The issue of fees for no service was unfairly labelled an advice problem and was more based around governance and management, according to a licensee CEO.
Speaking on the live webcast of ifa sister publication Investor Daily yesterday, Lifespan Financial Planning chief executive Eugene Ardino said identifying the problems around fees for no service should be based around who received most of that revenue.
“Who received a lot of that revenue? It was the employer. It was the AFSL who employed the financial planners who were supposed to be servicing those in many cases. There weren't too many cases where it was a self-employed planner who wasn't servicing their clients because I don't see any of that,” Mr Ardino said.
“I don't think it's an advice issue. That's a governance, that's a management issue, and that's being dealt with. I don't know that we're going to see much more of that given how hard the regulators and the government are coming down on it.”
Adding to the debate on the best adviser remuneration model moving forward, APAC regional bureau chief at Thomson Reuters, Nathan Lynch, said it is interesting the lawyers and accountants are both vastly changing their remuneration and fee structure and models, not because of regulation but because of technological disruption.
“There's that aspect as well which is that the industry gets on the front foot, comes up with better ways of charging that potentially move away from hours in front of a client. Accountants have had to do that because platforms like Xero are taking away a lot of the grunt work, and it will happen in this sector,” Mr Lynch said.
In response, Mr Ardino noted there was a lot of focus on how professionals charge, but personally thought the hourly rate was “a very conflicted model”.
As for the move towards professionalism, he said whether or not you’re professional doesn’t necessarily have to hinge on whether you’re the member of a professional body.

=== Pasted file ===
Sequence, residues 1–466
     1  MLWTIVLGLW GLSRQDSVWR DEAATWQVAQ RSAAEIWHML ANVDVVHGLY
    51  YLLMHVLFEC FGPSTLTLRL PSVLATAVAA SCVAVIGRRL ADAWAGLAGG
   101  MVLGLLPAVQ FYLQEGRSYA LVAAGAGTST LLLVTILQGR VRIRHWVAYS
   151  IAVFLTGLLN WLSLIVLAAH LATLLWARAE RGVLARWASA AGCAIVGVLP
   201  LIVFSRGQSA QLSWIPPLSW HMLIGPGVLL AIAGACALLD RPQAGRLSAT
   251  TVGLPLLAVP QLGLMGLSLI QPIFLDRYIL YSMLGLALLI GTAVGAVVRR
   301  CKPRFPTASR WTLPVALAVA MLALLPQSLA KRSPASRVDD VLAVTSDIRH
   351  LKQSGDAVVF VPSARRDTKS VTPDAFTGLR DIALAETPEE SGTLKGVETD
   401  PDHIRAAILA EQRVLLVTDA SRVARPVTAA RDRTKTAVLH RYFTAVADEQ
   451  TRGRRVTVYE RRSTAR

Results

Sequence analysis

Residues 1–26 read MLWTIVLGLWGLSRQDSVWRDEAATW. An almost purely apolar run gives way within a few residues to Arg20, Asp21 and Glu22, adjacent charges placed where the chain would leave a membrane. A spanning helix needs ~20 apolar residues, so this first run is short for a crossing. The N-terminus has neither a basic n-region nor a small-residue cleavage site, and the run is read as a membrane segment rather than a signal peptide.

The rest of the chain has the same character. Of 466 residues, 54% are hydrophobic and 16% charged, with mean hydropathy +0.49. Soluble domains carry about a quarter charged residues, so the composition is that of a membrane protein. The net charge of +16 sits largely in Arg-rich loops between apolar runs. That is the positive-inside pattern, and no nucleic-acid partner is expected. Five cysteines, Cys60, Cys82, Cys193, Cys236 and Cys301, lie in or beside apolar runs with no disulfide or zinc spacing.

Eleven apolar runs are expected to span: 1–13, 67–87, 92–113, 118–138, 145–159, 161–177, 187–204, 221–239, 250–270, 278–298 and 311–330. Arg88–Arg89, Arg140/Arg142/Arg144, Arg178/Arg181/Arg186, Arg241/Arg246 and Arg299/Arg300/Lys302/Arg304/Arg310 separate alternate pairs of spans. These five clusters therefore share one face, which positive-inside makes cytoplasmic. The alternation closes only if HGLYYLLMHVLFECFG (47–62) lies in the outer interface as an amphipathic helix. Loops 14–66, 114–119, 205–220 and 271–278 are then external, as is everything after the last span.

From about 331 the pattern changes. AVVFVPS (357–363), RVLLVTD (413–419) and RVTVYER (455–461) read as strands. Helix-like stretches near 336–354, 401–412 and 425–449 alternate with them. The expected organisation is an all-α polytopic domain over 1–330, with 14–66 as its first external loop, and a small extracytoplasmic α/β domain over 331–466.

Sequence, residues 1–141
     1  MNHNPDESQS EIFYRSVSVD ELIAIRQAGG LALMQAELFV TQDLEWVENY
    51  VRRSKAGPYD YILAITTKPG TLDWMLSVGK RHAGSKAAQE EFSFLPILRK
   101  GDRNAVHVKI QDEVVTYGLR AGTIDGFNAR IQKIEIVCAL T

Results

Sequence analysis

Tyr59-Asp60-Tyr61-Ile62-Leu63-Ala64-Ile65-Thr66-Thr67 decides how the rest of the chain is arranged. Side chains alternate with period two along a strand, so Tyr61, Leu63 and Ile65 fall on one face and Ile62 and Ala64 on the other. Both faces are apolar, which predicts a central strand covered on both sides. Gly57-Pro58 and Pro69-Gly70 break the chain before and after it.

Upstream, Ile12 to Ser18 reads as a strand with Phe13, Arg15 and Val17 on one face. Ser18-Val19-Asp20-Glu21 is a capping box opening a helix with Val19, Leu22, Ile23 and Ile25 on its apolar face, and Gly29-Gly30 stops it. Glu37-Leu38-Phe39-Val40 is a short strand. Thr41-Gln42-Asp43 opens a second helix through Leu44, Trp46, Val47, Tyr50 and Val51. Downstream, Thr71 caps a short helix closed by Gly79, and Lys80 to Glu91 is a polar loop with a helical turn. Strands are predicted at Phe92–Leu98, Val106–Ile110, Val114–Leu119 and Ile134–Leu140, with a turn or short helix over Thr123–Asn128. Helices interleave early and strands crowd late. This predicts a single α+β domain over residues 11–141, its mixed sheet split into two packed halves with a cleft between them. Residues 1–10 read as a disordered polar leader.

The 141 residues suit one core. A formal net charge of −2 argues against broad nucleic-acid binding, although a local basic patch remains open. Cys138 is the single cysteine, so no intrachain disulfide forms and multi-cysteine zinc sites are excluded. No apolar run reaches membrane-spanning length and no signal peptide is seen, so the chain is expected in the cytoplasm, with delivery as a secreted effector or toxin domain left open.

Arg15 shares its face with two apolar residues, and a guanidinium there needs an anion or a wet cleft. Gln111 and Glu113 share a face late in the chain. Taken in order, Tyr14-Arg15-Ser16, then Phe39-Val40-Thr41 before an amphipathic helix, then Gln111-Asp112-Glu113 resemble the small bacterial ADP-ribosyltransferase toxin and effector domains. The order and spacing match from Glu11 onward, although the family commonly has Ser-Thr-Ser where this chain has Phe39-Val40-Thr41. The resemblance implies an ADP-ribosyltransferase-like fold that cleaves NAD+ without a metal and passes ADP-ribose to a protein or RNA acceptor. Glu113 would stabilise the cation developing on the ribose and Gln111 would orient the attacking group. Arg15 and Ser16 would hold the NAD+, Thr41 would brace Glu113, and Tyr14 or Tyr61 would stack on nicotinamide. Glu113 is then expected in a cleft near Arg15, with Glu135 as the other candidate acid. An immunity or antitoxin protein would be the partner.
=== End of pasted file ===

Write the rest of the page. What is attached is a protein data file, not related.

“There are a lot of people who are not members of a profession who I consider to be professionals because of how they behave, because of how they treat people. And I would say the converse. I've had interactions with a lot of people who are members of professions who I wouldn't consider to be professionals,” Mr Ardino said.
“There are a lot of conflicts in the medical industry, in the legal industry, in the accounting industry. The difficulty is, in our business, when a client has a bad outcome and loses money, you can see it. In some of those others that we've mentioned, often it's so complicated and you don't see the negative impact of the poor advice that you've received, that you sort of don't know where you stand. Because [financial advisers] deal in a much more tangible space and we're at the coal face.
“So you have a product failure. Well, you recommended the product. You may have done a reasonable amount of due diligence. You may not have. But the client sees you as the cause of that and it's a lot easier to target advisers. I don't think that's ever going to change.”
The standards authority has defended its decision to not allow a wider definitio...
Regulatory changes in the Australian advice market has echoed those of the UK an...
Perpetual's Australian asset management business took a slight hit through the D...